Good evening, everyone. This week is a week the National Weather Service (NWS) sets aside to educate the public on severe weather and how to come through it unharmed. Each day has a different topic. I will do a summary of Sunday – Tuesday’s topics here in this post. On Wednesday evening, I’ll do a summary of the topics for Wednesday – Friday. The final topic of the week is on social media and I’ll discuss that on Saturday in a post of its own.
Severe weather season is considered to be the months of March, April and May for our region, though severe can and does occur any time of the year. A secondary peak to our severe weather season often comes in November, as seasons change once again.
Sunday’s topic: Storm Spotters
Storm spotters are folks who take a short class by the NWS to learn how to identify different types of severe weather and how to report it. Among the things spotters are taught include how to identify possible tornado-producing clouds from clouds that are just dark and spooky looking. Classes are offered in person and online. Storm spotter class info can be found here https://www.weather.gov/ohx/skywarn. The next class is Saturday at 6:30 p.m.
We need storm spotters to tell us what’s going on. Spotters help verify what radar is telling us and sometimes they can tell us what radar is NOT telling us!
Monday’s topic: Flooding and flash flooding
I did my Masters thesis on flooding. Nothing is more powerful than moving water. I have come to the conclusion that no matter how many times we tell people NOT to drive across flooded roadways, they will still drive across flooded roadways. Heck, some people even drive around barricades to drive through flood waters! You may have no idea how deep that water is or how swiftly the water is moving until it is far too late. There may not even be a road there anymore! You may think the muddy water is just a few inches deep, but the fact is that the road may be gone and the water may be feet deep.
Flash flooding occurs in minutes, usually during heavy downpours of rain. “Regular” flooding occurs more slowly and usually occurs when rain has fallen over a long period of time on saturated soils. We often refer to rivers and streams when talking about flooding.
If you live near a flood-prone stream, always be aware of how much rainfall is in the forecast, especially in the spring. Those spring rains can send streams out of their banks.
While we normally don’t worry too much about flooding on the plateau, we do have people who lose their lives in floods from time to time, especially with flooding rivers. Also, keep in mind that sometimes that rain comes down so hard and fast that localized flooding can become deadly with short notice. That most often happens with summer downpours.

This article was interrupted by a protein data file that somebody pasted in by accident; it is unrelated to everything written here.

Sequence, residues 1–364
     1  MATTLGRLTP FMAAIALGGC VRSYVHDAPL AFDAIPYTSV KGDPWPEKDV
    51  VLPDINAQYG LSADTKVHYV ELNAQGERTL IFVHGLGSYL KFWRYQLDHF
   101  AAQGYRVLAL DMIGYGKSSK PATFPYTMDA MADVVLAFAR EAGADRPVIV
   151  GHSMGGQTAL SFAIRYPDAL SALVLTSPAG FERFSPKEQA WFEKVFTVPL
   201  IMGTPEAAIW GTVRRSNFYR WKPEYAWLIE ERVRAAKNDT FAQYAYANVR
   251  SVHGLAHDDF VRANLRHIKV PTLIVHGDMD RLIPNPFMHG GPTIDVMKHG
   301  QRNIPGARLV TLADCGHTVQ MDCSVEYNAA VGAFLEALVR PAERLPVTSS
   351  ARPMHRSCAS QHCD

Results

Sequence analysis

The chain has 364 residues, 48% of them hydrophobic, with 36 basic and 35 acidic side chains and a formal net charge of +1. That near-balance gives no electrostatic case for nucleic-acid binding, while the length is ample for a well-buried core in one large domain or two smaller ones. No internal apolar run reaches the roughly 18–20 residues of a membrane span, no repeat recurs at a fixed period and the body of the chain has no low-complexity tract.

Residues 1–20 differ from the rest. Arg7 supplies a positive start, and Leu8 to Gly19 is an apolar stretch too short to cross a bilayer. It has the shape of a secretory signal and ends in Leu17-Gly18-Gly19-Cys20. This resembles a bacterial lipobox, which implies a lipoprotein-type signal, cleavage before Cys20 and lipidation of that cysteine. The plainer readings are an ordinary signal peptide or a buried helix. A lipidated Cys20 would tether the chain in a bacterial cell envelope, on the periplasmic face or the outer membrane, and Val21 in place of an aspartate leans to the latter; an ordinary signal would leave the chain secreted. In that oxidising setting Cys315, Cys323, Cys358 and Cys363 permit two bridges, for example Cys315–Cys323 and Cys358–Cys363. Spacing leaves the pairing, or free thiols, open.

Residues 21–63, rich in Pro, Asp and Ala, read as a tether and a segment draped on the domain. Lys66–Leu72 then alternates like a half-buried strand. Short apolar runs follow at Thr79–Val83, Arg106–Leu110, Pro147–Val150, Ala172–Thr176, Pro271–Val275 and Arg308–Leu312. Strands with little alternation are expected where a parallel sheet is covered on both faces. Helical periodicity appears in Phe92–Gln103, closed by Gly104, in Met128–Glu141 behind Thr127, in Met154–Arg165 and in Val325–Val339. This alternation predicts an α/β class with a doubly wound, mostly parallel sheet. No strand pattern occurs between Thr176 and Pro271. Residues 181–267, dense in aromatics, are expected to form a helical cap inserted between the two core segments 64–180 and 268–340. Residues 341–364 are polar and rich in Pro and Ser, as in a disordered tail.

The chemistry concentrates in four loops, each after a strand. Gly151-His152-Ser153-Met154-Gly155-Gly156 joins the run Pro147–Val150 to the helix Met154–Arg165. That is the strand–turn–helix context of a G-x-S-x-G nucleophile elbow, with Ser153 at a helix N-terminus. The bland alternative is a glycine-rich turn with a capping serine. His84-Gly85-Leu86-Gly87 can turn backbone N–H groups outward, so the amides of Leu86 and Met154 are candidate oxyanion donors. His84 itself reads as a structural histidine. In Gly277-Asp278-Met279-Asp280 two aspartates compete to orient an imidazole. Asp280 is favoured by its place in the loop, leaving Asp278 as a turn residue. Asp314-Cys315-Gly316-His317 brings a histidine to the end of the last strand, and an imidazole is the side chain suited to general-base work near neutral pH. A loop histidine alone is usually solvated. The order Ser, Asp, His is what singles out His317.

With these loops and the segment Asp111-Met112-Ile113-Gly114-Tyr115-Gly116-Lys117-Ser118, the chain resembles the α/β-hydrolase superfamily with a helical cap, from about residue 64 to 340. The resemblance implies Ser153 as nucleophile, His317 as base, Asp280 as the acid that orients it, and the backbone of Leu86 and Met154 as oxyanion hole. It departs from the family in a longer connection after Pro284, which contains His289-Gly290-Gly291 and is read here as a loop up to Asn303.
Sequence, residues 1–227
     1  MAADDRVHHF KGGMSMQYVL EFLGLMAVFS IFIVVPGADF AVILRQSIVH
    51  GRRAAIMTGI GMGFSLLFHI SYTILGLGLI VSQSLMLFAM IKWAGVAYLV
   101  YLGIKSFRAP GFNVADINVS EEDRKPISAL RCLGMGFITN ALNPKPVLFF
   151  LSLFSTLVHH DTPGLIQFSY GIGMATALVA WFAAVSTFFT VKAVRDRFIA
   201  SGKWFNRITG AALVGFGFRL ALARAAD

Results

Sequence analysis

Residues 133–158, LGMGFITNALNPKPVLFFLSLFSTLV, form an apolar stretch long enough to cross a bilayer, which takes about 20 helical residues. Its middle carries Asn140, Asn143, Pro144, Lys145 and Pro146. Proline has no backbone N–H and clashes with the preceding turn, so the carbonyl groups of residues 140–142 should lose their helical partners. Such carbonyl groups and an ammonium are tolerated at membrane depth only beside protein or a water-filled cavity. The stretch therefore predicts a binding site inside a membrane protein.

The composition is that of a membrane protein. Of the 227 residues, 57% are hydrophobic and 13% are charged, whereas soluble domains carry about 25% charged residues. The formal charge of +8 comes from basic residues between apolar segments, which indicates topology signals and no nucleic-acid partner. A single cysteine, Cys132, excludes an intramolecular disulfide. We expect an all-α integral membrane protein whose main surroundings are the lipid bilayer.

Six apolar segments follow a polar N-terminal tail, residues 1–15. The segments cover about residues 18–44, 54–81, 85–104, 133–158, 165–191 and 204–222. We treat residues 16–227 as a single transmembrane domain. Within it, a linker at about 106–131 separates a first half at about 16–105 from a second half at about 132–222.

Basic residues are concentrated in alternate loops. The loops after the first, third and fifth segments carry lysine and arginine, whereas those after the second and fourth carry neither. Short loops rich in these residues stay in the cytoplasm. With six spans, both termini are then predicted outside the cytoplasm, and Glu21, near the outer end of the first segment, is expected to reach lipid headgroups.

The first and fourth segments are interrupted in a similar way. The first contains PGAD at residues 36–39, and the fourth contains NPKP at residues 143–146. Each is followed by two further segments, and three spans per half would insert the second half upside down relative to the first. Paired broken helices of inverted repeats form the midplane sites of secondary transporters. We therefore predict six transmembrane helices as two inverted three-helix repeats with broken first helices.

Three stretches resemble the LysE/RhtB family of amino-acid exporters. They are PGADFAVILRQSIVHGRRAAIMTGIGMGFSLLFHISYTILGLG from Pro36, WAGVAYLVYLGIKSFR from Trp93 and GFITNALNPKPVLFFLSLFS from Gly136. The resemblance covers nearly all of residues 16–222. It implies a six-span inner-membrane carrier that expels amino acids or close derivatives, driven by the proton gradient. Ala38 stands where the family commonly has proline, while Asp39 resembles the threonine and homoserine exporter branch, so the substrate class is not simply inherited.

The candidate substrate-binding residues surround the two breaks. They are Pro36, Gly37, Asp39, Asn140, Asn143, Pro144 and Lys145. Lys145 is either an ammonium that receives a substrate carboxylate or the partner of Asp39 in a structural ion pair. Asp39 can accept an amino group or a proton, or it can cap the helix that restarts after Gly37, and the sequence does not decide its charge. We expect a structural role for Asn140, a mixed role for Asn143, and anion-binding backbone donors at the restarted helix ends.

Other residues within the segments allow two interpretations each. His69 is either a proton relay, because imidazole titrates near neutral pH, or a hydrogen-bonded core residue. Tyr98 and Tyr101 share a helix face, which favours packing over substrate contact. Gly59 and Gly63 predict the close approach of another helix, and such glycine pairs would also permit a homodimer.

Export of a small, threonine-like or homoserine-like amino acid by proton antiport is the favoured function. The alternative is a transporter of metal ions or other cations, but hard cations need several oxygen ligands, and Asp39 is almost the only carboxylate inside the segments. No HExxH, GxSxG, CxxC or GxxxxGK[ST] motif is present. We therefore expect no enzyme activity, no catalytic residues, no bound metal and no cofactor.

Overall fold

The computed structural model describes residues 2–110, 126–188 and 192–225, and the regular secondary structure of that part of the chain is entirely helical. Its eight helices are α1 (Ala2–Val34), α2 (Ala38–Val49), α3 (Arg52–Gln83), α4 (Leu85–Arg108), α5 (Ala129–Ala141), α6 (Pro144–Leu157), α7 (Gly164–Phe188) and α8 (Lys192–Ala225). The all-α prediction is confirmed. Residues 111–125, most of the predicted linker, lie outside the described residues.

Nationally, flooding is the number one severe weather-related killer. Number one. More people die in flooding than in any other form of severe weather. Don’t be a statistic. Be smart.
Tuesday’s topic: Lightning
No one has ever survived a direct hit by lightning. It’s not possible. People have, however, survived indirect hits by lightning. Let me explain.
One lightning bolt contains about a billion volts of electricity. Your 60 watt light bulb has about 12 volts. A lightning strike is also about 50,000 degrees Fahrenheit. That’s hotter than the surface of the Sun. We fill very sick when our temperature gets over 100 degrees. Have I made my point?
Don’t get struck by lightning. Stay away from the tallest objects. A lightning strike results from the charge difference between the base of a cloud and the ground. That difference builds up so much that a lightning strike is necessary to equalize the charge (the whole point of weather is to balance nature). Because air is a poor conductor of electricity, the lightning needs the shortest distance to make that connection. That is NOT to say lightning always strikes the tallest objects, it’s just the most common behavior it exhibits. Sometimes it strikes the shorter objects.
Other dangerous activities to forego when lightning is nearby include fishing, either on the shore of a beach or out in a boat. Both of those fishing methods expose you to the open sky. Horseback riding puts you higher up and in more danger, as well. And, of course, surely we all know by now to get off the golf course. Swinging a metal pole in the air during a thunderstorm is…..well….shall I say foolish? (ha) I would probably discourage skydiving and hang gliding in a thunderstorm too, but surely I don’t have to say this? (ha)
If you’re close enough to hear thunder, you’re close enough to be struck. It’s true. Lightning can travel tens of miles from a thunderstorm.
Some research on lightning deaths has suggested that many lightning deaths are the result of a storm’s first flash. Perhaps there was no “warning” thunder because that person was the first strike. This is why I tell people to go ahead and move indoors if you see dark clouds gathering.
Talking on a cell phone indoors during a thunderstorm is perfectly safe, so long as it isn’t plugged into an outlet. A corded phone (do those still exist? ha) is a big no-no. Also, if you still have a corded phone I’m kinda proud of ya. A preserver of history, you are. 🙂
You are safe in a car but it has nothing to do with the tires. It has everything to do with the metal sheath around you (Faraday Effect). The lightning deflects away from you because of the metal “bubble” you’re in……well, unless you’re in contact with anything metal in the car, at which point at least some of the electricity would then flow to you. Often times, the lightning will blow out the tires and destroy any electronic equipment in the car.
The best place to be is inside a building, away from windows and electronics.
I hope this helps you and I hope you’ve learned something! I’ll have info on the rest of the week’s topics in a special Wednesday evening post!
You all take care and have a good night!